So turn out the lights, put on your sunglasses, and meet me on the dance floor.

    Here is the track listing for Sunday Soul – Blacklight Bourgeoisie:

    1. Sunday Soul – Program ID
    2. Fall Down – Sunshine Jones
    * introduction
    3. Elektro Donkey – Dennis Jr.
    4. Dare – An-2
    5. The Duke – Eve White
    * aren’t we all?
    6. Faith – Revolve & Adjust
    7. Axis – Gritt
    8. You Gonna Make Me Love Somebody Else – The Jones Girls
    9. Tuch Me – SS Detroit Dub Mix – Fonda Rae
    * you know how to love me
    10. Hypnotized – Dubtribe Sound System Open Heart Dub Edit – Mateo & Matos
    11. Gypsy Wondering – Conan Liquid Ignition Mix – The Pipesmokers
    12. The way – Funky Green Dogs from Outer Space
    13. How Deep Is Your Love? – A Trak Dub aka Dub For Mehdi – The Rapture
    14. Outta Limits – Shelter Mix – Mission Control
    15. High Up – Murk Mix – Funky Green Dogs from Outer Space
    16. Failing To Get Under – Edit – Various Artists
    17. Glazed Dog – Edit – Various Artists
    18. Discofobia – Rayko Drunken Money Edit – Various Artists
    19. I Got Your Number – Rayko Dragon Soul Edit – Various Artists
    20. Slave To You – Francois Dubois Edit – Hot Toddy
    21. A Little Bit Of Jazz – Shep Pettibone MasterMix – Nick Straker Band
    22. Rainbow Road – The Revenge Strings Of Fife Mix – Tornado Wallace
    23. Remember The Good Things – Lanark Remix – Milosh
    24. Berlin Sunrise – Lee Jones Remix – Fink
    25. Out Here – Forgiveness Dub – Sunshine Jones
    * Out Here
    26. To Get Her – Daniel A Sollscher
    27. Who You Are – Junior Boys Remix – Zwicker
    28. Circuit – Aeroplane Remix – David Rubato
    * Blacklight Boureoisie
    29. Neu Chicago – Rockmaster Rus B Instrumental Edit – Clive Tanaka y su orquesta
    30. Tomorrow – Jono McCleery
    31. Another Green World – The Blue Realm remix – Brian Eno
    32. High Commissioner – Love Distance
    33. Breakdown – Miguel Migs
    34. The Stars – Ain’t No Dub – The Groovers
    * occupy this
    35. Love So Deep – Instrumental – Tony Lee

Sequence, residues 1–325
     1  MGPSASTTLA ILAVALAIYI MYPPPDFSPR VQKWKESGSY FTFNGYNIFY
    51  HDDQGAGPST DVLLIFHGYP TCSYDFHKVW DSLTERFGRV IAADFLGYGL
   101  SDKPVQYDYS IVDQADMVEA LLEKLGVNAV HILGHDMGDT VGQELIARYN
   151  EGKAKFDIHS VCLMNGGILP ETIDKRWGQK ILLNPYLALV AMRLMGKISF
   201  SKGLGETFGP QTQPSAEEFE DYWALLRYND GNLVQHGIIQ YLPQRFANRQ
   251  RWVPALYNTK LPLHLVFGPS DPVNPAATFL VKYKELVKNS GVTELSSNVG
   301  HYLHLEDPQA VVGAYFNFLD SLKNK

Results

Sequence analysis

36. Life Is Something Special – Special Edition – Peech Boys
    37. Turn the Music Up – The Players Association
    38. You’ll Never Know – Dean ‘Sunshine’ Smith
    39. Sangue de Beirona – Francois K Radio Mix – Cesaria Evora
    40. Disco Touchdown – DrDunks Remix – Name In Lights
    41. Let It Flow – True Love dub – DEAN SUNSHINE SMITH
    42. Sunday Lover – Sunshine Jones Re Edit – John Walker
    43. Do It To The Music – Greg Wilson Edit – Raw SIlk
    44. Badabing – diskJokke Remix – Martin Brodin
    45. In Your Soul – Trans Mix – Mission Control
    46. Never Too Much – Luther Vandross
    47. I’ve Had Enough – Earth Wind & Fire
    48. Shake Your Body (Down To The Ground) – The Jacksons
    49. Feel It All Around – Washed Out
    50. Fall Down – Extended Version – Sunshine Jones
    51. Sunday Soul – Program ID
    52. Belfast – Orbital
    53. Sunday Soul – Program ID

    Total Running Time: 04 Hours 29 Minutes 08 Seconds
    * Performed Live

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    Special Note:
    Because I missed you last month, this broadcast was a make up session from October. So I’ll be back next week with Sunday Soul – Ballet Du Saboteur and I’m excited to see you again so soon. Please join us.

    Thank you for listening. See you next week!

  4. Anthony Silva:

    Loved it!

  5. Melanie:

    Felt so comfortable, just like home. Thank you, Sunshine. ♥

  6. Jude O'm:

    Thanks homie!!

  7. Wemily:

    there is never a sunday that i don’t think about sunday soul…..sunday soul has saved my mind and my soul in more ways than one. i’m forever grateful….

  8. Arlena Arteaga Kelly:

    So well written.